To Henry, nephew of King Henry, Brian FitzCount greeting.

I am very much surprised and there is a good deal to be surprised about, concerning the matters about which I speak to you, things, that is, which I have seen and heard and which happened in my time since I came of age. You mentioned the first man who sinned, because he did not hold to his obedience, and on that I have already sent you an answer. Now again you hold forth at me about Lot and his wife. I never saw them, nor did I ever know their city, nor was I around in their time. However, I have heard it said that the Angel ordered them to leave the city where they lived and not to look back, and because the woman did look back she was turned into salt. I, on the other hand, have never been ordered not to look back. I ought, indeed, to look back at the commands of Holy Church in order that by remembering what I was commanded I should not fall into the trap of acting against them. For you, yourself, who are a prelate of Holy Church, ordered me to join the daughter of King. Henry your uncle, and help her to acquire her right, which was taken from her by force, and to keep what she now has. Not that I look back only to your command. I also take as my model the worthy' deeds of our illustrious ancestors. For when Pope Urban came to Tours with clergy from beyond the Alps and at the admonition and command of God addressed the people about the city of Jerusalem which was in the possession of the allophili, who beat, despoiled, killed Christian pilgrims arriving secretly at its gates; and he promised to those who should move to liberate it pardon and absolution for all their crimes ("ueniam et absolucionem omnium criminum suorum"), as the Pope can; many noble and mighty men were roused by the apostolic edict to leave their castles and cities and wives and children for the pilgrimage. Like Count Stephen your father, Count Robert of Normandy, the Count of St. Gilles~ Raymond, Bohemond, Robert Count of Flanders, Count Eustace of Boulogne, Duke Godfrey and many other fine and rich knights. And note that those counts were not like the Count de Mohun [who had recently deserted the Empress] I look back at men of this kind, so great men, who carried out the Pope's command, left behind so many and so great things of theirs, who even conquered Jerusalem as good knights by armed assault and set up there a good and lawful king, Godfrey by name. And while I look back at your command in aiding King Henry's daughter to the best of my power, I am not afraid of any trifling offence in this when I am backed up by Holy Church's mandate.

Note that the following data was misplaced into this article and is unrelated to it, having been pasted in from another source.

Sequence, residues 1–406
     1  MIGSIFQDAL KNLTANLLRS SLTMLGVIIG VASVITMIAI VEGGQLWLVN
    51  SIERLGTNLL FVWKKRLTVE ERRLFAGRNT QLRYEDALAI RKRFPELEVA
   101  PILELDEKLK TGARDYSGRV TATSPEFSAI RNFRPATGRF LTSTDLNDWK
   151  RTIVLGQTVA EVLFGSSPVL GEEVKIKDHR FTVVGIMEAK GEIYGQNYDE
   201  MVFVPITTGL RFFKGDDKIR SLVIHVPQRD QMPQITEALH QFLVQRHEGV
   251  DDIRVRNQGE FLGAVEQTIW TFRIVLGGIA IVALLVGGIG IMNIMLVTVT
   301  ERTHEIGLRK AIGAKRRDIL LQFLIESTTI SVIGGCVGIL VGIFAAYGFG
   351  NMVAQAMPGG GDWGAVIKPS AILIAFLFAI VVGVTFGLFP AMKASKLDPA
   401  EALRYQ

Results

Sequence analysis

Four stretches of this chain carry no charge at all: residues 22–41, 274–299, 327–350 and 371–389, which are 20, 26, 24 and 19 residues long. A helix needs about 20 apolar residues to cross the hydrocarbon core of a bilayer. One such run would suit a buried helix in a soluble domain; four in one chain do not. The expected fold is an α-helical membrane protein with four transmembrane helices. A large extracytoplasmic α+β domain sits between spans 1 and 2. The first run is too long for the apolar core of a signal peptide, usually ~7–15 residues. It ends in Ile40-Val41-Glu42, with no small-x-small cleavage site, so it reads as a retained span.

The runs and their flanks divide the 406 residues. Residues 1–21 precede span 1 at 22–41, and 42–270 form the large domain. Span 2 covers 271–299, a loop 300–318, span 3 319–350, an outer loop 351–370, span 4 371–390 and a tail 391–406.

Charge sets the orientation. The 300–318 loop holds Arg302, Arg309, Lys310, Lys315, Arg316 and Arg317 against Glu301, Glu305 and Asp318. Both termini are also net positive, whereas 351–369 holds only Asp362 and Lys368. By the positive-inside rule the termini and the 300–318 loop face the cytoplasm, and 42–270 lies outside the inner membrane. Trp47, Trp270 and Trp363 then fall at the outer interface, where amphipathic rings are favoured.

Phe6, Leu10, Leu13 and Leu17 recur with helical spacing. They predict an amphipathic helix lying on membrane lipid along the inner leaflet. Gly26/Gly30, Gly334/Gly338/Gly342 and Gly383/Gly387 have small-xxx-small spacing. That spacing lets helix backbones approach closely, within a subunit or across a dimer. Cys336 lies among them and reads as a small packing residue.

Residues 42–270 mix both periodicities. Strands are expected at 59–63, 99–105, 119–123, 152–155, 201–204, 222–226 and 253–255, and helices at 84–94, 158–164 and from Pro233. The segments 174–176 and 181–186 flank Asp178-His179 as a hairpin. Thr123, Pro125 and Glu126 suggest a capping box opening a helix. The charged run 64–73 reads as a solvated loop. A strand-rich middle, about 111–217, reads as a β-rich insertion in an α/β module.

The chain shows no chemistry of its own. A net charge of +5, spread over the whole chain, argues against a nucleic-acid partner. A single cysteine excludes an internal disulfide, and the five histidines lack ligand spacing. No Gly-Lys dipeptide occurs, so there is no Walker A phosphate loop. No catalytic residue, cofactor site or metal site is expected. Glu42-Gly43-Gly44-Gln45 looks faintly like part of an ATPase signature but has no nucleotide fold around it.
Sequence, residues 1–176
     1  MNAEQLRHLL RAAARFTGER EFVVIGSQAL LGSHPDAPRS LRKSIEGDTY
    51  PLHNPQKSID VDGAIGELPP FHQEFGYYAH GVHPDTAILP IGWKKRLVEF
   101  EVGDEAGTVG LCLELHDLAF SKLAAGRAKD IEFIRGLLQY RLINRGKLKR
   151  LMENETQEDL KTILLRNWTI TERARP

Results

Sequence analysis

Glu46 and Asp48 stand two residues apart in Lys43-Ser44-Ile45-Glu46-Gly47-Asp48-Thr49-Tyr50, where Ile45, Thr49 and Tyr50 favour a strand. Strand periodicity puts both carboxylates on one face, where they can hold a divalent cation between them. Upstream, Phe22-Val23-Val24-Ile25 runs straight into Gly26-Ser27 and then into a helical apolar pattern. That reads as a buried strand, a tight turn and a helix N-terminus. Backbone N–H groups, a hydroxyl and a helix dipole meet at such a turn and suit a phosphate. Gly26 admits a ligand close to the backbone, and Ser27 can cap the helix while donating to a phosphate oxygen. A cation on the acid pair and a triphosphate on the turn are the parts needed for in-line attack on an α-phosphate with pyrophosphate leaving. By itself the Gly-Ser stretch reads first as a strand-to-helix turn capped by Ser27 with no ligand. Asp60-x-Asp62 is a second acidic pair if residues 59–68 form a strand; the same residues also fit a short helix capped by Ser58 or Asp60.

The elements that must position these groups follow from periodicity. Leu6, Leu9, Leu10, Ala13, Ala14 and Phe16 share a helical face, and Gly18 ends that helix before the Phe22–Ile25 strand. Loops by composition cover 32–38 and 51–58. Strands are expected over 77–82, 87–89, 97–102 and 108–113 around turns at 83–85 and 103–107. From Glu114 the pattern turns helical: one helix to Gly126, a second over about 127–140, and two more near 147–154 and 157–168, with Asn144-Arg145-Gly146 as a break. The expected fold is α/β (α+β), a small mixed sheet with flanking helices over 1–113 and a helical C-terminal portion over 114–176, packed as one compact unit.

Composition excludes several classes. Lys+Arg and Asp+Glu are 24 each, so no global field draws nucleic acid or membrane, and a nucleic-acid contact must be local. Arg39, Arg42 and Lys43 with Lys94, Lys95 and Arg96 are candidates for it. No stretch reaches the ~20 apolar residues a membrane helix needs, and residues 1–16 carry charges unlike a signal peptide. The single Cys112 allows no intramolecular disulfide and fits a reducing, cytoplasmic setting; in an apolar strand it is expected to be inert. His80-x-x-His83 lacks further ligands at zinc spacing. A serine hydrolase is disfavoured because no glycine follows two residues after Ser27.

King Henry gave me my land [and the letter continues with further reasons for Brian's continued support of Matilda]. Know therefore all fideles of Holy Church that I Brian FitzCount, whom the good King Henry fostered and to whom he gave arms and honor, am ready to prove those things which I assert in this writing against Henry the nephew of King Henry, Bishop of Winchester and legate of the Apostolic See either by battle or by ordeal through one cleric or one layman.


(H.W.C. Davis, "Henry of Blois and Brian FitzCount~" English Historical Review XXXV (1910), pp. 297-303.)
[Translation Edmund King 1980]